National Initiative for Human-Centered, Robust and Secure, and Scalable AI

  • Remote Access - Webcast
  • Virtual Presentations
Panel Discussion

According to recent estimates, around 85% of AI projects fail to move from conceptualization to implementation. Why are these failures happening, and how can we prevent them? AI engineering is an emergent discipline focused on developing tools, systems, and processes to enable the application of artificial intelligence in real-world contexts. The SEI is leading the national initiative to create an AI engineering discipline to operationalize human-centered, robust and secure, and scalable AI.

What Attendees Will Learn:

  • the motivation for creating the field of AI engineering
  • the current state of the art and possible research directions for human-centered, robust and secure, and scalable AI
  • opportunities to get involved with the National AI Engineering Initiative

Who Should Attend

  • AI engineers
  • Researchers
  • Practitioners looking to learn about implementing AI
  • Those looking to join a community focused on implementing AI

Speakers

Dr. Rachel Dzombak leads digital transformation at CMU Software Engineering Institute's Emerging Technology Center. In her role, she works with organizations to realize the capability of artificial intelligence for mission outcomes. Prior to joining CMU, Dr. Dzombak was an Innovation Fellow and Professional Faculty member at the University of California, Berkeley. At Berkeley, Dr. Dzombak focused her research on processes for design, innovation, and systems thinking and developed tools for experiential education. She holds a PhD and MS in Civil and Environmental Engineering from the University of California, Berkeley and a BS in Biomedical Engineering from The Pennsylvania State University.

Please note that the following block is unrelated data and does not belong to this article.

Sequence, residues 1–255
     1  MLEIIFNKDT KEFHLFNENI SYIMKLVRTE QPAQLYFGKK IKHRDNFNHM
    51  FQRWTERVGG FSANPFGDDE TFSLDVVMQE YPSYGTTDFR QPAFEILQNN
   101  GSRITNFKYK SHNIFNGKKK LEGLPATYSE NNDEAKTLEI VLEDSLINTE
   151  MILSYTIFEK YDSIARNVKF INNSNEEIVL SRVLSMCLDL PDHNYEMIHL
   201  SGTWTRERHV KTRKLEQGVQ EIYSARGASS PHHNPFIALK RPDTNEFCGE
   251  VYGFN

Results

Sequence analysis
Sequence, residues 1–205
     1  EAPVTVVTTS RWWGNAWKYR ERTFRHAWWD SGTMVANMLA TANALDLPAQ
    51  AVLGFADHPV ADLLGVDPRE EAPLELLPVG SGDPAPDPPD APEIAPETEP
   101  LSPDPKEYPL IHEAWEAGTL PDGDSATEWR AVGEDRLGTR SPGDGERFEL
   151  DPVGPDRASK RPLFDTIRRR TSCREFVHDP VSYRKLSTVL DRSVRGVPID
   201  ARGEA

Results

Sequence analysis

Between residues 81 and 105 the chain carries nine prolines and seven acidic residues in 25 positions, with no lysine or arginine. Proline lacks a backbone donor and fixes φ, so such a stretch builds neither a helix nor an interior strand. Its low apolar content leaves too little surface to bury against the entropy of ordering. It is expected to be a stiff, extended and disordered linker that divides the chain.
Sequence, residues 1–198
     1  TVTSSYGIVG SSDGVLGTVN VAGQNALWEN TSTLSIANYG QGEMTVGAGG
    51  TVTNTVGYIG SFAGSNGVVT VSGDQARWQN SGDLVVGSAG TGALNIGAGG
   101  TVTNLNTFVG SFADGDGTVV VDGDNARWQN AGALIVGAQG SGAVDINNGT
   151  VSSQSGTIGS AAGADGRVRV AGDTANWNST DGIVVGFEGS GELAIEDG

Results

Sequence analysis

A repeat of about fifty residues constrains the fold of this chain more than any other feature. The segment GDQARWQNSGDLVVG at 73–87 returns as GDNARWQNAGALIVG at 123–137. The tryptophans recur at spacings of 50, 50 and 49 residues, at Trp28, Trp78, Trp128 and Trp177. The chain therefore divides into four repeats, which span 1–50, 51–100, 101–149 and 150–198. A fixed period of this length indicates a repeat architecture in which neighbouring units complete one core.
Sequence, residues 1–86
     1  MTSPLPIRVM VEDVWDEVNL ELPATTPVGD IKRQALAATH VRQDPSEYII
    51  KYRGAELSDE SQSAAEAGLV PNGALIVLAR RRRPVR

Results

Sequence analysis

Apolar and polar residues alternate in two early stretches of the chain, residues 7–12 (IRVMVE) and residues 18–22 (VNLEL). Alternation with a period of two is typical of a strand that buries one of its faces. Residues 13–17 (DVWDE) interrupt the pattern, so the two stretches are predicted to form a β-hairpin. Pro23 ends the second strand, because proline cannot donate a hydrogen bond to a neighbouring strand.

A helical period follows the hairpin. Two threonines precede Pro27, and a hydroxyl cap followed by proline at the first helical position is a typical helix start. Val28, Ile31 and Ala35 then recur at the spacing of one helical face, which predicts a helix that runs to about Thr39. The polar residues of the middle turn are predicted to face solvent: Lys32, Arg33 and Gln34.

Dr. Matt Gaston is the Founding Director of the Carnegie Mellon University (CMU) Software Engineering Institute's Emerging Technology Center and an Adjunct Associate Professor at the CMU Institute for Software Research. The Emerging Technology Center applies advanced technologies in artificial intelligence, computing, and human-machine interaction to critical defense and national security missions. Before joining Carnegie Mellon University, Dr. Gaston was the Director of Research for a business unit of General Dynamics C4 Systems and spent nearly 10 years at the National Security Agency developing and applying mission-focused technologies. He is a 2012 recipient of the AFCEA Award for Meritorious Service to the Intelligence Community. Dr. Gaston received his Ph.D. in Computer Science from UMBC specializing in Artificial Intelligence and Machine Learning and his B.S. in Mathematics from the University of Notre Dame.

Frank Redner joined the SEI in 2005 and serves as a Program Development Manager, at Carnegie Mellon University’s (CMU) Software Engineering Institute, with a focus on the Emerging Technology Center. He is responsible for business and portfolio management, and customer relationship activities with attention to DoD and the IC.

Prior to joining the SEI, Frank retired from the USAF serving as communications and information officer in a variety of assignments to include tours at the Joint Staff, Air Staff, MAJCOM, Wing, and Squadron levels. He has commanded two communication squadrons and served in Operation Iraqi Freedom as the Deputy J6 at Prince Sultan Air Base, Saudi Arabia, and the at Al Udeid AB, Qatar. His last assignment was as the Deputy Director for Information Assurance, Warfighting and Integration (AF/XI) Pentagon. He holds a BS from Troy State University in computer science and an MBA from the College of William and Mary.

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